159. What is hypokalema?
    Not enough potassium
  160. What are the clinical manifestations of Cushing syndrome?
    Moonface, buffalo hump
  161. What is striae?
    A streak or linear scar that often results from stretching of the skin
  162. In the pt with Cushings syndrome, what results in hyperglycemia?
    Impaired carbohydrate metabolism
  163. What type of diet is indicated for a pt with Cushings syndrome?
    Low sodium, reduce calories and carbs, and high potassium
  164. When does Addison�s disease occur?
    When the adrenal glands do not secrete adequate amounts of glucocorticosteroids, and mineralocorticoids
  165. What can cause Addison�s disease?
    Adrenalectomry, pituitary hypofunction, or long-standing steroid therapy
  166. What causes disturbances in the metabolism of carbs, fats, proteins, sodium, potassium and water?
    Deficiencies in aldsoterone and cortisol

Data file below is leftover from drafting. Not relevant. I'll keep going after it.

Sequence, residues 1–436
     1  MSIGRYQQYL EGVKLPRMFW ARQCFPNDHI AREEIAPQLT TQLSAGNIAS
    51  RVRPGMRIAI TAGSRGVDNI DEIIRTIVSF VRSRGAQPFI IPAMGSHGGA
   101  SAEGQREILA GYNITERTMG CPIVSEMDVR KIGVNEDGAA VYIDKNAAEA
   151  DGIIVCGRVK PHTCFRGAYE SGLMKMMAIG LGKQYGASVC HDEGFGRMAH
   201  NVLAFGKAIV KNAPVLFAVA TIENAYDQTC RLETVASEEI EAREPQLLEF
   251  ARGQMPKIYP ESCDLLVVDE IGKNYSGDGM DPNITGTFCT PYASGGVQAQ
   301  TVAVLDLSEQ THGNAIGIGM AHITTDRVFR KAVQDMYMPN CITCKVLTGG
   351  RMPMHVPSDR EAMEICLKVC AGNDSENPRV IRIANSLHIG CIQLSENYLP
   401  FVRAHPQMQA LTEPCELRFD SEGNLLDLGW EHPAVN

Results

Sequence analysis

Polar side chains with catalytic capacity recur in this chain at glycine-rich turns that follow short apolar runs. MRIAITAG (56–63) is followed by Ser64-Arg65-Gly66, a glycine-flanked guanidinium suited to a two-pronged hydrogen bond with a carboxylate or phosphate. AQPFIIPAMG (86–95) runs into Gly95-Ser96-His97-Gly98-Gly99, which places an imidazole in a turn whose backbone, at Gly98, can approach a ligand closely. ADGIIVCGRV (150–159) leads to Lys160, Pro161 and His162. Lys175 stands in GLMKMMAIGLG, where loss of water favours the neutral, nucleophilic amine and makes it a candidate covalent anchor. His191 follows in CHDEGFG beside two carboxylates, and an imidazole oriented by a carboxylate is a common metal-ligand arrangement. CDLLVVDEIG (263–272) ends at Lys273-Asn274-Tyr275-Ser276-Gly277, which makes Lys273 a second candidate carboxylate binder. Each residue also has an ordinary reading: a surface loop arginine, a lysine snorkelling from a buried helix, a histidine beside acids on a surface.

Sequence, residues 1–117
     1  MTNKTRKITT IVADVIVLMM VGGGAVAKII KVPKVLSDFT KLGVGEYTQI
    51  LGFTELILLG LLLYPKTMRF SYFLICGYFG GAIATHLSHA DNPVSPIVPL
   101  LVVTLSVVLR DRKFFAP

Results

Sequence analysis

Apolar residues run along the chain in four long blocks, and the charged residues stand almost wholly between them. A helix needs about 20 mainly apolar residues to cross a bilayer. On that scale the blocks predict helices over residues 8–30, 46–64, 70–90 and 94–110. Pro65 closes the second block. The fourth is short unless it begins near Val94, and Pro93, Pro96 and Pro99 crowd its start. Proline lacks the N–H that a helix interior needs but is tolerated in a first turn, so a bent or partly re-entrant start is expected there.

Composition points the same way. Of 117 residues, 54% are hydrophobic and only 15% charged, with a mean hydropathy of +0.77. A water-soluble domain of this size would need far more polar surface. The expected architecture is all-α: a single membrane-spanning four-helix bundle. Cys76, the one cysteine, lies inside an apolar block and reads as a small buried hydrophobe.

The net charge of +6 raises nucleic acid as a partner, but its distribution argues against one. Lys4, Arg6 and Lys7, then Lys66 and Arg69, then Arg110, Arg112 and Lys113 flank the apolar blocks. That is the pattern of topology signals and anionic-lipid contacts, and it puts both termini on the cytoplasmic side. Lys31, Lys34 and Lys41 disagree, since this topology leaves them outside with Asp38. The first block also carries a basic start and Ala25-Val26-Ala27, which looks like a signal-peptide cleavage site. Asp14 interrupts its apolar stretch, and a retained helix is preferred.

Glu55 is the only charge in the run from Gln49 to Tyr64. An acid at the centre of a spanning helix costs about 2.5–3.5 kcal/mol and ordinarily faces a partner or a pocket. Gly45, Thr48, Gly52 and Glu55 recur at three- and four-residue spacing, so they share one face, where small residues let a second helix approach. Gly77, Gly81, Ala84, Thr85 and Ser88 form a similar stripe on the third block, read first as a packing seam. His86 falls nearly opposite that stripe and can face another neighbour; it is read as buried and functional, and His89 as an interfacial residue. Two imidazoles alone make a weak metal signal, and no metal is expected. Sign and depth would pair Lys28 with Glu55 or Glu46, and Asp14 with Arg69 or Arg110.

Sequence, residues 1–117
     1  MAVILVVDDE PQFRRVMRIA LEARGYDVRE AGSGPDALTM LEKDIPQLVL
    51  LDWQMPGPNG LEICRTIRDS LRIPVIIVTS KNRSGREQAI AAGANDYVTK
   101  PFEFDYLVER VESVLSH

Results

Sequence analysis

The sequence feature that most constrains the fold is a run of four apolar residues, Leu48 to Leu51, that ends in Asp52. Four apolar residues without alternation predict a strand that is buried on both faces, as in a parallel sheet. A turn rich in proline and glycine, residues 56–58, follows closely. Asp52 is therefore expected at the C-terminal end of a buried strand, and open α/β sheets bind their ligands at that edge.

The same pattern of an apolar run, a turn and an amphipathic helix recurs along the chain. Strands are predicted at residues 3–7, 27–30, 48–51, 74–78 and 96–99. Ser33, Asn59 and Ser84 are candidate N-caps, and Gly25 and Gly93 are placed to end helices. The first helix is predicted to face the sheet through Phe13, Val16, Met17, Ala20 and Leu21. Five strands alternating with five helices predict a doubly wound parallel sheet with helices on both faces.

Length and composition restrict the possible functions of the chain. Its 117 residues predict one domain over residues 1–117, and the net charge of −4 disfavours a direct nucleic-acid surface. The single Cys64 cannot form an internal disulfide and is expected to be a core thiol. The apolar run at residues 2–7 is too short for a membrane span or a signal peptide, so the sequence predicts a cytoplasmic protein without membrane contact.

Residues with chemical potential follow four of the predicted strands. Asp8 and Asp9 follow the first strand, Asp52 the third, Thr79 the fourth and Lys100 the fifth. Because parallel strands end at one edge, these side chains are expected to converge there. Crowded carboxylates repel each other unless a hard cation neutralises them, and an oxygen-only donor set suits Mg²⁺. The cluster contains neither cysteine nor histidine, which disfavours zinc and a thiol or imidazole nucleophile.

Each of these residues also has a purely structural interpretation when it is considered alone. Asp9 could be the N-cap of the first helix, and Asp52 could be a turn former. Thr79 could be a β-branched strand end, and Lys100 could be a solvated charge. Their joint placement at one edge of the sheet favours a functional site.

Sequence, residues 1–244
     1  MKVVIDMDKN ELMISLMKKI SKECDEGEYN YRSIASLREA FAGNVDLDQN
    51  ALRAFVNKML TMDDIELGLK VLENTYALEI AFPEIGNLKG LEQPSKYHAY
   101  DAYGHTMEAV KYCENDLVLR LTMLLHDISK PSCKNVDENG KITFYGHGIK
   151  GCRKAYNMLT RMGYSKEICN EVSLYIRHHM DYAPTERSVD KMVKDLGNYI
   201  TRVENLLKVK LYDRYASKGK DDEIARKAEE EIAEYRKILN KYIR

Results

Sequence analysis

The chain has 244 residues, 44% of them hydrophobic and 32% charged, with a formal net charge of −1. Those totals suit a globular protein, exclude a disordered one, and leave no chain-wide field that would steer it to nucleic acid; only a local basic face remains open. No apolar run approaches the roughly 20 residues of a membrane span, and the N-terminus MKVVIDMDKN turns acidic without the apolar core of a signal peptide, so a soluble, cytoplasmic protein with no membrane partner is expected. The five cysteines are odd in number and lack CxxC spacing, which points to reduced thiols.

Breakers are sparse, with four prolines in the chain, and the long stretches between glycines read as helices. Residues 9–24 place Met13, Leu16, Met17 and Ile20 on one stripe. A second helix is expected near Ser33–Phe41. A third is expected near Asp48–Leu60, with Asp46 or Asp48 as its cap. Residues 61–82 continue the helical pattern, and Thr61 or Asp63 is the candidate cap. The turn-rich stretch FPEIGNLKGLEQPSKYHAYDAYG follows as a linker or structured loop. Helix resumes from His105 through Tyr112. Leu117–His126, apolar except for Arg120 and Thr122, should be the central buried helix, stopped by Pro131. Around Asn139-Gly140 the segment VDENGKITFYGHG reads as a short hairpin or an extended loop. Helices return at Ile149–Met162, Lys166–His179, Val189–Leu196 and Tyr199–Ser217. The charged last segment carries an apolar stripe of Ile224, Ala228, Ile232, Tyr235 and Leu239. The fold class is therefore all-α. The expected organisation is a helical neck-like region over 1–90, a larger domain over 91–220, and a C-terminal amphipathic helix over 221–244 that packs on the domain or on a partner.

167. What will labs show in a pt with Addison�s disease?
    Decreased serum sodium, increased serum potassium, and decreased serum glucose
  168. What are the symptoms of adrenal (addisonian) crisis?
    Sudden severe drop in BP, nausea & vomiting, extremely high temp, cyanosis
  169. What is the emergency treatment of an adrenal crisis?
    IV administration of corticosteroids in a solution of saline and glucose
  170. What is pheochromocytoma?
    A cell tumor that causes excessive secretion of epinephrine and norepinephrine
  171. What type of diet is indicative in a pt with pheochromocytosis?
    Free from stimulants and caffeine
  172. What is diabetes mellitus?
    Improper metabolism of carbs, fats, and proteins
  173. When does insulin reach its peak level?
    30 minutes after meals and returns to normal in 2-3 hours
  174. What is the difference between type 1 and type 2 dibetes?